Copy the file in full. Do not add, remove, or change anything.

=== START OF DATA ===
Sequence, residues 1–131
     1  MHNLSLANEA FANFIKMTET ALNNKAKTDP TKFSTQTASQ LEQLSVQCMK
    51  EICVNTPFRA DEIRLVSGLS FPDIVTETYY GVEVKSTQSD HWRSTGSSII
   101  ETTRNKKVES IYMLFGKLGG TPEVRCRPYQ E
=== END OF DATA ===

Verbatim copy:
Sequence, residues 1–131
     1  MHNLSLANEA FANFIKMTET ALNNKAKTDP TKFSTQTASQ LEQLSVQCMK
    51  EICVNTPFRA DEIRLVSGLS FPDIVTETYY GVEVKSTQSD HWRSTGSSII
   101  ETTRNKKVES IYMLFGKLGG TPEVRCRPYQ E